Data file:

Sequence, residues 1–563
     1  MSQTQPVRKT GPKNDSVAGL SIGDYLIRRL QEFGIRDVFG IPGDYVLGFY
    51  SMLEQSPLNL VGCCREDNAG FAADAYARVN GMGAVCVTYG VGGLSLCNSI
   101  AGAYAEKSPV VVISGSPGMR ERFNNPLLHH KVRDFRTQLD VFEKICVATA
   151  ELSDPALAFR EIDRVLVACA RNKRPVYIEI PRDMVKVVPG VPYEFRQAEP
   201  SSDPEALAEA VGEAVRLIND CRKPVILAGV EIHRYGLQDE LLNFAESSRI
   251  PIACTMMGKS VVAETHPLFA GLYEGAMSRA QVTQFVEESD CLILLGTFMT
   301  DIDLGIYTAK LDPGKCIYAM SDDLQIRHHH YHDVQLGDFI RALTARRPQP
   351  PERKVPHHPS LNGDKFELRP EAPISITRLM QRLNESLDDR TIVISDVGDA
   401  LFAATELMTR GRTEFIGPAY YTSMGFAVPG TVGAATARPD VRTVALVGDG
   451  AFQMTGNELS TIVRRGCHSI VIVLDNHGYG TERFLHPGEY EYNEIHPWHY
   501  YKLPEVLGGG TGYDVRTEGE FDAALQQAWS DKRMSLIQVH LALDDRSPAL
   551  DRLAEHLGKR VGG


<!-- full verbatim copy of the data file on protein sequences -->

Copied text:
Sequence, residues 1–563
     1  MSQTQPVRKT GPKNDSVAGL SIGDYLIRRL QEFGIRDVFG IPGDYVLGFY
    51  SMLEQSPLNL VGCCREDNAG FAADAYARVN GMGAVCVTYG VGGLSLCNSI
   101  AGAYAEKSPV VVISGSPGMR ERFNNPLLHH KVRDFRTQLD VFEKICVATA
   151  ELSDPALAFR EIDRVLVACA RNKRPVYIEI PRDMVKVVPG VPYEFRQAEP
   201  SSDPEALAEA VGEAVRLIND CRKPVILAGV EIHRYGLQDE LLNFAESSRI
   251  PIACTMMGKS VVAETHPLFA GLYEGAMSRA QVTQFVEESD CLILLGTFMT
   301  DIDLGIYTAK LDPGKCIYAM SDDLQIRHHH YHDVQLGDFI RALTARRPQP
   351  PERKVPHHPS LNGDKFELRP EAPISITRLM QRLNESLDDR TIVISDVGDA
   401  LFAATELMTR GRTEFIGPAY YTSMGFAVPG TVGAATARPD VRTVALVGDG
   451  AFQMTGNELS TIVRRGCHSI VIVLDNHGYG TERFLHPGEY EYNEIHPWHY
   501  YKLPEVLGGG TGYDVRTEGE FDAALQQAWS DKRMSLIQVH LALDDRSPAL
   551  DRLAEHLGKR VGG